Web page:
5 things to know about Miami’s offseason.

Draft may be a good way to replace Mario Chalmers.

Heat have several voids to fill before next season.

According to Pat Riley, 2013 draft pick James Ennis has a bright future.

Word on the street is Miami may trade its pick for Iman Shumbert.

Right now, Kyle Anderson would be best-case scenario on draft night.

Mock drafts are coming in steadily.

Stay tuned for more on this year’s draft as Thursday night approaches.

2014 NBA Free Agents

As we all know, free agency is upon us (starting July 1) so I thought it might be helpful to provide a full list of available players:

Jeff Adrienforward, player option

Cole Aldrich, center, unrestricted free agent

Lavoy Allen, forward/center, unrestricted free agent

Ray Allen, guard, unrestricted free agent

Al-Farouq Aminu, forward, unrestricted free agent

Chris Andersen, forward/center, player option

Alan Anderson, guard, player option

Carmelo Anthony, forward, early termination player option

Joel Anthony, forward, player option

Trevor Ariza, forward, unrestricted free agent

Darrell Arthur, forward, player option

D.J. Augustin, guard, unrestricted free agent

Gustavo Ayon, forward, unrestricted free agent

Leandro Barbosa, guard, unrestricted free agent

Andrea Bargnani, forward, early termination player option

Jerryd Bayless, guard, unrestricted free agent

Aron Baynes, forward, unrestricted free agent

Kent Bazemore, guard, unrestricted free agent

Michael Beasley, forward, unrestricted free agent

Chauncey Billups, guard, team option

DeJuan Blair, forward, unrestricted free agent

Steve Blake, guard, unrestricted free agent

Andray Blatche, forward, player option

Eric Bledsoe, guard, restricted free agent

Matt Bonner, forward, unrestricted free agent

Trevor Booker, forward, unrestricted free agent

Chris Bosh, forward, early termination player option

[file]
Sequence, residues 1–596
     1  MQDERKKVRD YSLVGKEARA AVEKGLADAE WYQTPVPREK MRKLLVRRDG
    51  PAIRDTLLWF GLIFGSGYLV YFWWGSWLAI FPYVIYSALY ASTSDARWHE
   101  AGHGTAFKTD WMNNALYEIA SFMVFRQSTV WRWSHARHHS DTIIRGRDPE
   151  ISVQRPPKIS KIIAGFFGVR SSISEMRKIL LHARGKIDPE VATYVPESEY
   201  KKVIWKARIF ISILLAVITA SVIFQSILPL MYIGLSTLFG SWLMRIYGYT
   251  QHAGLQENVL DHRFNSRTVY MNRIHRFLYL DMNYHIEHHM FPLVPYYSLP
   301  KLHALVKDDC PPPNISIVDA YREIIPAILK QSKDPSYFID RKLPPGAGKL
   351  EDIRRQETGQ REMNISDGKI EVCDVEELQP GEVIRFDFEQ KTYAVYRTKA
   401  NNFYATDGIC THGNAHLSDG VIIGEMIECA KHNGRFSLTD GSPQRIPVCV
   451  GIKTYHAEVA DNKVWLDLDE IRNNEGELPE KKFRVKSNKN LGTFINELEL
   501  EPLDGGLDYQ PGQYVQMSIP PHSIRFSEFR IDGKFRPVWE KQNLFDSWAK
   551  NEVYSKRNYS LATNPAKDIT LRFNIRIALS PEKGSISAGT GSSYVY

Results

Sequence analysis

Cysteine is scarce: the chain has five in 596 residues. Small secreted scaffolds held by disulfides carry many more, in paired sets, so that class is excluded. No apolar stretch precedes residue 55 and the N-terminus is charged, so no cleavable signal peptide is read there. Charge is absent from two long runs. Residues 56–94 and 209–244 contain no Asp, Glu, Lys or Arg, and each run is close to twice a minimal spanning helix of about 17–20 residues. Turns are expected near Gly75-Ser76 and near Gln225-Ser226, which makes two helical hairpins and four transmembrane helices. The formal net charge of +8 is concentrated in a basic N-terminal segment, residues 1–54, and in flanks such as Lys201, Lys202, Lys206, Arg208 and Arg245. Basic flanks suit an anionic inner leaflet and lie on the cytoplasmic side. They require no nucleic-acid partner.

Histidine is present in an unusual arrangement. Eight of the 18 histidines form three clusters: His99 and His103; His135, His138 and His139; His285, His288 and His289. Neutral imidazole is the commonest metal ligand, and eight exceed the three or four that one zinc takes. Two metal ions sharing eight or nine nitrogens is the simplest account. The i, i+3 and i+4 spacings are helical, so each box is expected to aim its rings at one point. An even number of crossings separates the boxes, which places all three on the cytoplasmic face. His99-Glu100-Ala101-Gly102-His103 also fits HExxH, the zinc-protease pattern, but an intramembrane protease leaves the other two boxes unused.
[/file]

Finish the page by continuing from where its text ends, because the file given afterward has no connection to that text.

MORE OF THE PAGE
Avery Bradley, guard, unrestricted free agent

Elton Brand, forward, unrestricted free agent

Aaron Brooks, guard, unrestricted free agent

MarShon Brooks, guard, unrestricted free agent

Caron Butler, forward, unrestricted free agent

Rasual Butler, guard, unrestricted free agent

Andrew Bynum, center, unrestricted free agent

Vince Carter, guard, unrestricted free agent

Mario Chalmers, guard, unrestricted free agent

Jason Collins, center, unrestricted free agent

Darren Collison, guard, player option

Jordan Crawford, guard, restricted free agent

Jae Crowder, forward, team option

Dante Cunninghamforward, unrestricted free agent

Jared Cunningham, guard, unrestricted free agent

Troy Daniels, guard, team option

Ed Davis, forward, unrestricted free agent

Glen Davis, center, player option

Nando De Colo, guard, unrestricted free agent

Luol Deng, forward, unrestricted free agent

Boris Diaw, forward, unrestricted free agent

Toney Douglas, guard, unrestricted free agent

Chris Douglas-Roberts, guard, unrestricted free agent

Tim Duncan, forward, player option

Jordan Farmar, guard, unrestricted free agent

Jimmer Fredette, guard, unrestricted free agent

Channing Frye, center, player option

Francisco Garcia, guard, player option

Pau Gasol, forward/center, unrestricted free agent

Rudy Gay, forward, player option

Drew Gooden, forward, unrestricted free agent

Ben Gordon, guard, unrestricted free agent

Marcin Gortat, center, unrestricted free agent

Danny Granger, forward, player option

Aaron Gray, center, unrestricted free agent

Jordan Hamilton, forward, unrestricted free agent

Al Harrington, forward, unrestricted free agent

Devin Harris, guard, unrestricted free agent

Udonis Haslem, forward, player option

Spencer Hawes, center, unrestricted free agent

Gordon Hayward, forward, restricted free agent

Xavier Henry, forward-guard, unrestricted free agent

Jordan Hill, forward-center, unrestricted free agent

Kirk Hinrich, guard, unrestricted free agent

Ryan Hollins, center, unrestricted free agent

Robbie Hummel, forward, unrestricted free agent

Kris Humphries, forward, unrestricted free agent

Bernard James, center, unrestricted free agent

Damion James, forward, unrestricted free agent

LeBron James, forward, early termination player option

Richard Jefferson, forward, unrestricted free agent